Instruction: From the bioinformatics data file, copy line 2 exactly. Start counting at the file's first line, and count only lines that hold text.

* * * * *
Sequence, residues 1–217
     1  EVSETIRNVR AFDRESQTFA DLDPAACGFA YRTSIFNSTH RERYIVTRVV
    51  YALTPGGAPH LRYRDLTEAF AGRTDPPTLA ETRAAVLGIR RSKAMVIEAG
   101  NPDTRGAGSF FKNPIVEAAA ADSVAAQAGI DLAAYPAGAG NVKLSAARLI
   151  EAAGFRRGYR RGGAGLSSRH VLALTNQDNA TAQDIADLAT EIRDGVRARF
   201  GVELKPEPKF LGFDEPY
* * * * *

     1  EVSETIRNVR AFDRESQTFA DLDPAACGFA YRTSIFNSTH RERYIVTRVV